A typical transcript will not be sufficient in recording all of the information you might need or want to compile.  Assemble a portfolio in which you can keep a complete history of your child's high school career.  The documentation you may want to keep in the student's portfolio can include:

  • transcripts
  • annual standardized test scores (CAT, IOWA, Stanford, etc.)
  • scores from college entrance exams (ACT, SAT, etc.)
  • letters of recommendation
  • student essays
  • commendations received through participation in clubs and organizations (4H, Scouts, speech and debate clubs, etc.)
  • certificates earned through instructional courses (CPR, foreign languages, life guard training, etc.)
  • music and dance competition scores
  • records of sports participation and statistics
  • records of employment and apprenticeships
  • records of community service projects and hours of service. 

Anything that shows your child has demonstrated leadership skills, responsibility, ability to learn and to finish a task should be included in your record keeping.  Not all of this material may be necessary, but as stated earlier, you may need it later on.


How should I withdraw my child from public school?


It is best to inform the principal of the school in writing that you are removing the child from school.  Avoid meetings or phone calls.  Tact is required in presenting a good Christian testimony, especially if a school official is not familiar with home study laws.  If it is in the middle of the school year, returning the textbooks and other school materials may take place after the home study application or the private school letter has been mailed to the State Board of Education.

If you are homeschooling under the private school option, you must notify the school in writing that your child will no longer be enrolled there, but will be attending your private school.  The letter must be sent within 10 days and must include the child's full legal name, birthdate, race, and gender.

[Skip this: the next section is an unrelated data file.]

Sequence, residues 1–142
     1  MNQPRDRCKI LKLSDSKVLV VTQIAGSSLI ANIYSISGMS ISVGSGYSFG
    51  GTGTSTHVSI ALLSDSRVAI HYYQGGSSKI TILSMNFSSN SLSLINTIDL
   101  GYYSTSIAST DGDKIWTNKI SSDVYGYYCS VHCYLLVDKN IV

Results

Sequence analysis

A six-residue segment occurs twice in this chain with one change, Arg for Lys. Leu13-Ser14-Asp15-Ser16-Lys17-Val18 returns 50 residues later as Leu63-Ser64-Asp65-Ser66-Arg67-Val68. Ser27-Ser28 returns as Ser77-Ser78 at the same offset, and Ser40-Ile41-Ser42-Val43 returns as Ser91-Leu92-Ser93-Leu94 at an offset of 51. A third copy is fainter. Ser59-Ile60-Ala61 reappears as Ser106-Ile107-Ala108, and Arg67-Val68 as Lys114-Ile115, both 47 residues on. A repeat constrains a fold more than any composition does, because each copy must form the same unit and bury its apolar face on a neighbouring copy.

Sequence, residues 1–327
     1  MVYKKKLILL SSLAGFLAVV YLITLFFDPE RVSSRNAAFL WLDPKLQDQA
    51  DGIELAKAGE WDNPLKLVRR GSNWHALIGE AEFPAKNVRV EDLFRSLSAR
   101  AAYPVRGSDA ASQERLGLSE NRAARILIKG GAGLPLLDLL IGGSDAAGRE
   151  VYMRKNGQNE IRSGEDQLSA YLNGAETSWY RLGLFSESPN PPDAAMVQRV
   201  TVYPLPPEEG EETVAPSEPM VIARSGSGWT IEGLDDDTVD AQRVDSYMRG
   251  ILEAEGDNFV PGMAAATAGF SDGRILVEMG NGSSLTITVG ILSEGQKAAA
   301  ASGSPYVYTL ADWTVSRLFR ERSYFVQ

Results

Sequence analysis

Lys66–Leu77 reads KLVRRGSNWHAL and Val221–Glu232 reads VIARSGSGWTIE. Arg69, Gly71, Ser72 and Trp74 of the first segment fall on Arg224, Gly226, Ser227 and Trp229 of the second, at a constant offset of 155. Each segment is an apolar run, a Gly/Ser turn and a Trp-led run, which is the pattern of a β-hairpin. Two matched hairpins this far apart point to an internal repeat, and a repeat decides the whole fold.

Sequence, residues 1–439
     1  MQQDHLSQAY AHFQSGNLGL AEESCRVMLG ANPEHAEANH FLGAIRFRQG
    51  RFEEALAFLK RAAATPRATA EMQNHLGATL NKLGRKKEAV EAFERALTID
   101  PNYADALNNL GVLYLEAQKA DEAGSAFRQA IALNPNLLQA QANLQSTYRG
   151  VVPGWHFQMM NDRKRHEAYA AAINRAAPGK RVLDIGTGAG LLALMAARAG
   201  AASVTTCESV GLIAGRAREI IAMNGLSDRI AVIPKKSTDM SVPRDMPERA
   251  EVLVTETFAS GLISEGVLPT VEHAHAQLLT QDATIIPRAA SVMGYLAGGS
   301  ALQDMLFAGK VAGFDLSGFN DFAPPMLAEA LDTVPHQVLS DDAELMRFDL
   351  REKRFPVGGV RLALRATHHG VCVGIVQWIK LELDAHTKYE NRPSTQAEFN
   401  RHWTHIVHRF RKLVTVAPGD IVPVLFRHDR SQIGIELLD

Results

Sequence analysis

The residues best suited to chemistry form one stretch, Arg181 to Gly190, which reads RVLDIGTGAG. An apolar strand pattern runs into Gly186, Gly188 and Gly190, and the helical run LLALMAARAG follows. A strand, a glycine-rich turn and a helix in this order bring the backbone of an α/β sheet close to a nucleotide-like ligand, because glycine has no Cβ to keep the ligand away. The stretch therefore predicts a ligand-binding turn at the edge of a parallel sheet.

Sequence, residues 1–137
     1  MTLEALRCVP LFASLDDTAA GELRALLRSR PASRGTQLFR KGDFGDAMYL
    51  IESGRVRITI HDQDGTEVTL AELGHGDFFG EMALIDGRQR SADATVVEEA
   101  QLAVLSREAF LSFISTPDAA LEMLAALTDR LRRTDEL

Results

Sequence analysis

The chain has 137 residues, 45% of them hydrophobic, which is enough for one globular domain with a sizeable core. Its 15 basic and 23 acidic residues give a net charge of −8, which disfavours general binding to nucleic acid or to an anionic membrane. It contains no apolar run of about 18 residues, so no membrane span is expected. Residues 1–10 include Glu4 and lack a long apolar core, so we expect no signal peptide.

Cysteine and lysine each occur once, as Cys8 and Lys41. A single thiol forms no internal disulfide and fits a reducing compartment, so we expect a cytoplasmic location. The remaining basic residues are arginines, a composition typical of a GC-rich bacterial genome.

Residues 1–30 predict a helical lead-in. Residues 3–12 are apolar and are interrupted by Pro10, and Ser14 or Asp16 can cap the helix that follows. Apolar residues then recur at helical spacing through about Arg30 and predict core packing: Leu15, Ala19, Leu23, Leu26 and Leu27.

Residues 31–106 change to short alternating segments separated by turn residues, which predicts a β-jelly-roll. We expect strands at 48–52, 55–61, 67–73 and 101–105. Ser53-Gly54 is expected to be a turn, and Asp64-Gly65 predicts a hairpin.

If you are registering under the Home Study Program, this letter is not required by law, but it is highly recommended.



How does my child finish high school education through the Home Study Program?


The Home Study Program now allows you to issue your child a high school diploma.  Diplomas awarded through an approved Home Study Program are recognized by all post-secondary educational institutions.



How do I put my child back in public school?


Parents who wish to enroll their child in public or private school after home educating are responsible for all documentation.  The Department of Education states in its home study guidelines that it will not offer an opinion as to the student's grade level, achievement level, or appropriate academic placement.  The student will be evaluated and tested to determine the appropriate grade level or credit, even if the parent has already administered a standardized achievement test.


How does my child finish high school education through the Private School Option?


A Private School in Louisiana may award a diploma to a student when he has met the high school requirements established by the private school. Keep in mind that if you register as a Private School, homeschool Private School diplomas are not recognized by some post-secondary institutions and are not legally recognized as equivalent to public school diplomas. Here is a video clip that explains this in more detail.


Does my child need a high school diploma?  Should my child get a GED?